• not much clarity on relation and dependcy with SKant group

  • not much information available on internet about SKant groups.

Skant is a. Sister company and together it is a big family owned conglomerate and aince 1932

I am sorry, I haven’t done much work on ddev.

I dont use stop loss or any share price based criterion to exit stocks.

Skant is a formulations co whereas Anuh manufactures API. There is a lot of information on their group website and their respective rating reports. I have shared some of these on Anuh Pharma thread.


Hi there,
I’m beginner in investing. In your profolio I saw stylam under cyclical. But their margins never shrink. How it comes under cyclical industry. Can u please explain is it because of raw material? Thanks in advance



How do you see the results of Geekay Wires. Seems muted. Also, the scrip has been placed under periodic call option.

  1. Ashiana Housing is a great pick for real estate. I believe this is the only company on which I can bet on in the sector.

  2. ITC : It is a great pick. But since you have allocated 6% in FMCG, you can look at nestle as well. Nestle has an absolute dominance of about 97% in children cereal industry. And due to India’s regulation regarding advertising the children cereal industry, competition affecting Nestle’s position in this growing market is difficult to disrupt.

  3. Interglobe : I do understand your thesis of airline being a growing industry. Globally, the most profitable airlies are those of the developed nations. So, if you have a very big time horizon for aviation (about 20-25 years) , then I believe you are at a good spot. But, if its not for such a long duration, I believe you can think it once again. But, no doubt Indigo is a better investment than other listed airlies in India.

  4. HDFC : You should be loading HDFC bank I believe. The stock has not moved much in the last 2 years, but the earnings have compounded on a healthy rate, making it relativelty cheap right now since earnings have grown but the stock price has not. Thus, a good time to enter the league.
    Would like to advice you to see IDFC first bank as well. Stock is lead by very good management. The CEO has built the retail business of ICICI bank back in the days. The COO of the company is ex-ICICI COO guy and a very respect person in the industry. And naturally, good management translates to ethical banking practices → good asset quality → less NPA/defaults. Also, this is a retail focused bank now.

Feel free to express disaggrements if any. Happy to learn!
I am not an advisor. These are not recommendations. These are based on my understandings.


Hi @harsh.beria93 - Hope you are well!

I came across the Q1 results and investor presentation for Best Agrolife - here

The Q1 results are impressive for this agrochem player in tough environment. Besides, management is very clearly guiding for 30% growth and 20% margin for FY24. They however had negative cash flow for last couple of years. Longer cash conversion cycle. High amount of inventory. The management mentioned during the concall that they will address this challenge in next 2-3 quarters.

Did this company catch your attention? Do you any thoughts to share about this business.

You can call it non-cyclical if you want. Most building material cos go through cyclical highs and lows which generally correlate with residential cycles.

Results were good with them recovering margins. They are running at close to full capacity which might lead to muted growth for sometime.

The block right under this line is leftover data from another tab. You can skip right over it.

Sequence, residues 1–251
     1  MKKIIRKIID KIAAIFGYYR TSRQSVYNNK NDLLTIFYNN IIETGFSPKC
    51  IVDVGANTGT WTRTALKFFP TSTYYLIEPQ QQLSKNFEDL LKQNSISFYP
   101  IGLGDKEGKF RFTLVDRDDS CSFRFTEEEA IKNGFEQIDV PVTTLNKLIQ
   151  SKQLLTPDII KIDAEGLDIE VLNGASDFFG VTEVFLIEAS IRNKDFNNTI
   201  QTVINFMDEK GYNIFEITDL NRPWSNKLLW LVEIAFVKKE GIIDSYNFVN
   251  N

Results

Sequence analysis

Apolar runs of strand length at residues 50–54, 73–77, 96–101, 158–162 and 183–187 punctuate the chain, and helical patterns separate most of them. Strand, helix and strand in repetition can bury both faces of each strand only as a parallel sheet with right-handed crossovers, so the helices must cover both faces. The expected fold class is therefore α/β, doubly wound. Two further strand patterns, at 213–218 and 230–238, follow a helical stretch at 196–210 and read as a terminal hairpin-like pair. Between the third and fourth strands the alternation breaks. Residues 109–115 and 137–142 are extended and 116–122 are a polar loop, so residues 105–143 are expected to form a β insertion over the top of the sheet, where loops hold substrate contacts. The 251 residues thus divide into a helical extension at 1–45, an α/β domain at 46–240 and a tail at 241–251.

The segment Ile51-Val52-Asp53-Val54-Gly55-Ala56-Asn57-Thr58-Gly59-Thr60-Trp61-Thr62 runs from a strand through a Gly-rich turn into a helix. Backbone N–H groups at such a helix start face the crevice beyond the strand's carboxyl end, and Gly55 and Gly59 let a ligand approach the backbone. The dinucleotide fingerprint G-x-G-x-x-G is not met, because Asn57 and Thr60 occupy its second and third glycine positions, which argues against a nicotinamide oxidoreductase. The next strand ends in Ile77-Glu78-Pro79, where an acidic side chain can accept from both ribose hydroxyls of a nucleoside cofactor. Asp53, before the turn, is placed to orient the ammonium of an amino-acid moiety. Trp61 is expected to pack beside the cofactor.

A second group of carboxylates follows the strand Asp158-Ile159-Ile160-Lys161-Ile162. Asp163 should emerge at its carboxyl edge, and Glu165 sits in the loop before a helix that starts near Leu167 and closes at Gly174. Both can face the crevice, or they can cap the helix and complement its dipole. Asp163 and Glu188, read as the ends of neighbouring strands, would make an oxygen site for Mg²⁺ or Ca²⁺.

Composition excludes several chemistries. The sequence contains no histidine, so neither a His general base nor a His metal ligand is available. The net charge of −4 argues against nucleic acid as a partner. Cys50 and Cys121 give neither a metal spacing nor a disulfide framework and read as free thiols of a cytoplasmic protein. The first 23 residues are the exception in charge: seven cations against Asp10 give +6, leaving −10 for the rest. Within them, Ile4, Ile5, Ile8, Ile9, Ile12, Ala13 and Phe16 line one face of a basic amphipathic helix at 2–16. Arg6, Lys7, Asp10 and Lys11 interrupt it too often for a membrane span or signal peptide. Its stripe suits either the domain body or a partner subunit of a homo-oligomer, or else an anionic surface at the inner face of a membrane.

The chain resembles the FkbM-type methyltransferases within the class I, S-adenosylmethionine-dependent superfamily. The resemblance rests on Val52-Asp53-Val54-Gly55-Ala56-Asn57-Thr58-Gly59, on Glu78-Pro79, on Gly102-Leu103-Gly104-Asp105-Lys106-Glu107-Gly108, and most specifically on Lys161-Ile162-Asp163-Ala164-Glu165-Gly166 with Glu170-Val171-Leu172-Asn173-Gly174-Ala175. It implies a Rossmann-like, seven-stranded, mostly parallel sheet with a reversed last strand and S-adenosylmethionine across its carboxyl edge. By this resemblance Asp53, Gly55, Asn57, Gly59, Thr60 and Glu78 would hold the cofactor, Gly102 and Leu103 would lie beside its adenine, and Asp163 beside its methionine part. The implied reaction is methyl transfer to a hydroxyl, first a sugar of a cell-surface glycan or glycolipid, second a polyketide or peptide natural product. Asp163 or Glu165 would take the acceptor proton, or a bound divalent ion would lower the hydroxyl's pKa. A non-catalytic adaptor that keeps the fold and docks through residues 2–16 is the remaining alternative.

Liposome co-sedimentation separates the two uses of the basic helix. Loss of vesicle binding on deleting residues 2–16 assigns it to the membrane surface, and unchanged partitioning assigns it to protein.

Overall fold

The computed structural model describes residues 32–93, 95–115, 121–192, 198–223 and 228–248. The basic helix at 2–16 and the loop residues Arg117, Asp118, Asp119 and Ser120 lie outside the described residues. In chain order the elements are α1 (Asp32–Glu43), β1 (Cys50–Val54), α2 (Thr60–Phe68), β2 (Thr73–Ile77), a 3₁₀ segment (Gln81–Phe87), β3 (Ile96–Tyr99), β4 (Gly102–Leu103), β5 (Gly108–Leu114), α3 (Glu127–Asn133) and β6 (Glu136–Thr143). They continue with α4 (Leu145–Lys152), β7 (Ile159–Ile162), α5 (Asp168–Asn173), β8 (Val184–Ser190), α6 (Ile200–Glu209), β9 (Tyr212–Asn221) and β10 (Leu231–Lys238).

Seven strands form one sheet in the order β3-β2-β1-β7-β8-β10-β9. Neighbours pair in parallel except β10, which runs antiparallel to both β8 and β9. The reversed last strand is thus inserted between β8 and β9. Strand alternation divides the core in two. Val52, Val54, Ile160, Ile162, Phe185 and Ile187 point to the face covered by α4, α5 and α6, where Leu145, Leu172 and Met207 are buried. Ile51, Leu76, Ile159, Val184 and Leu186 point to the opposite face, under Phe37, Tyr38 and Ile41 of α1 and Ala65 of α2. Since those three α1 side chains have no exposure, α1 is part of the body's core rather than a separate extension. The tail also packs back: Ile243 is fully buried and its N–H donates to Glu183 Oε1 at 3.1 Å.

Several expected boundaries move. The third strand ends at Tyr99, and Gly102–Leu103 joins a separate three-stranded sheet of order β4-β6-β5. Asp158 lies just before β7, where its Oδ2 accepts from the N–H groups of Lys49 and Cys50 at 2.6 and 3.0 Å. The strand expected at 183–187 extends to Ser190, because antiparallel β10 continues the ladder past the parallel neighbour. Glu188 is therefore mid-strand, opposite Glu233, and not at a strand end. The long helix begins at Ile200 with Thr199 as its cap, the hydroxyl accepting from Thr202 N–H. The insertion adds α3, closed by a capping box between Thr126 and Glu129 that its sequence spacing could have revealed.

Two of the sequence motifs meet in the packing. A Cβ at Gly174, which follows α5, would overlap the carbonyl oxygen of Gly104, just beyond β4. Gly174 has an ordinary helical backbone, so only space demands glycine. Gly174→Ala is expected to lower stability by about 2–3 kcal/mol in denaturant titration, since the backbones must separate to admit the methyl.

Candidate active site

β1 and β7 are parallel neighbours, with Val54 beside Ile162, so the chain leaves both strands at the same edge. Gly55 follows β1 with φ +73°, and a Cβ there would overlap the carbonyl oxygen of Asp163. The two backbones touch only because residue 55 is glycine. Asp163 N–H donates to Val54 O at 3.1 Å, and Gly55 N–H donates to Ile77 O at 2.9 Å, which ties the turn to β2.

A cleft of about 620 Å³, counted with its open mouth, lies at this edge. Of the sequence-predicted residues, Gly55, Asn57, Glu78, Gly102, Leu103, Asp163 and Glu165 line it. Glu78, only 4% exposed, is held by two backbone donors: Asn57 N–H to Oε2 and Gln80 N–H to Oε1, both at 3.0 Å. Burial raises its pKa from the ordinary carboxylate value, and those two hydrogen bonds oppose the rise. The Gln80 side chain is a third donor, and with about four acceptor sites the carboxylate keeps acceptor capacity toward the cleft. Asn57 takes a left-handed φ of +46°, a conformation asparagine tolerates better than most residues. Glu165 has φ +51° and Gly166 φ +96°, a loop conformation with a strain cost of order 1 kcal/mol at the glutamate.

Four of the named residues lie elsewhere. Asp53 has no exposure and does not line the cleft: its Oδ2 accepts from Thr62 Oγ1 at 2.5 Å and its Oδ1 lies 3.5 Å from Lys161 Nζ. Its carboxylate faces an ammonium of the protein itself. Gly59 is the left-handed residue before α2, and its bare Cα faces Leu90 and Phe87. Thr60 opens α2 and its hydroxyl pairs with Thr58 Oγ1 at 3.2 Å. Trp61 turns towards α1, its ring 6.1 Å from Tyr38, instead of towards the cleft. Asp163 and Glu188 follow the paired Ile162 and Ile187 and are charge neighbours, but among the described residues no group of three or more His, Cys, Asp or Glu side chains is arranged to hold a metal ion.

Their results were really good this quarter, especially amidst all the agchem problems. I have been contemplating my future course of action, but haven’t yet made up my mind.


Dear Harsh,

2+ years back you invested in HDFC Bank, later and I could see you reduced the position size to 2% from 4% and increased HDFC from 3% to 4%, thus in effect reducing from 7% to 6% and remained there since.

Now many things changed including the merger. I could see historical PB is close to lowest of 10+ years near 3.0. How do you see HDFC bank going forward? You seem to have taken 4 year point of view in bank and 2.4 years already passed. How do you view HDFC bank in the light of the merger and leadership changes? Are you keeping the whole position intact - which is 4% from HDFC and 2% From Hdfc bank making it 6%. What would make you to increase the investment to 8% like ITC at some point or on the other side to exit/reduce the position from 6% you had.

Note: I recently invested about 3.2% of PF on reversion to mean as I expect profit growth and PB go up once merger process firmly behind in few quarters and consider this as an investment with less risk with increased margin of safety. I am not well versed in deeper analysis of banking stocks.


Dear @harsh.beria93
Request you to respond to the above. I have the same query.

I am surprised how well you have tracked these transactions, my current allocation to HDFC bank is ~5%, as a result of their merger with HDFC and general share underperformance. But I haven’t sold anything (either in HDFC bank or in HDFC). About upgrading it to 8%, I can do it if there is a sharp upmove in the market and I am unable to find better opportunities. However, currently there are lots of other opportunities.

About HDFC bank, there is no other lending company with such consistent nos for such a long period of time. Currently, people are more fascinated by loss making banks making profits and ignoring how well HDFC and HDFC bank managed the 2020 downcycle. This kind of environment reminds me of 2017, when people were more fascinated by Repco/Indiabulls/DHFL. Generally, I tend to be conservative when it comes to banks or NBFCs. Also, given how HDFC bank is priced currently, its easy to make 25%+ CAGR and I am reasonably confident about it working out.